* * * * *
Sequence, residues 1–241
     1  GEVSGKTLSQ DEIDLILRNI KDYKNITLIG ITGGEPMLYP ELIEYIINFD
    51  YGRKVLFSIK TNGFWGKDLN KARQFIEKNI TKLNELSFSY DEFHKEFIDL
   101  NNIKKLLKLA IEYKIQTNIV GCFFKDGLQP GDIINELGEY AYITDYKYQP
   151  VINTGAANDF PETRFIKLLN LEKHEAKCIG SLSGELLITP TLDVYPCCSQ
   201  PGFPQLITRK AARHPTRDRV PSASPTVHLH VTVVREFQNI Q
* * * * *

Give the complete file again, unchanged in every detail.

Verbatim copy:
Sequence, residues 1–241
     1  GEVSGKTLSQ DEIDLILRNI KDYKNITLIG ITGGEPMLYP ELIEYIINFD
    51  YGRKVLFSIK TNGFWGKDLN KARQFIEKNI TKLNELSFSY DEFHKEFIDL
   101  NNIKKLLKLA IEYKIQTNIV GCFFKDGLQP GDIINELGEY AYITDYKYQP
   151  VINTGAANDF PETRFIKLLN LEKHEAKCIG SLSGELLITP TLDVYPCCSQ
   201  PGFPQLITRK AARHPTRDRV PSASPTVHLH VTVVREFQNI Q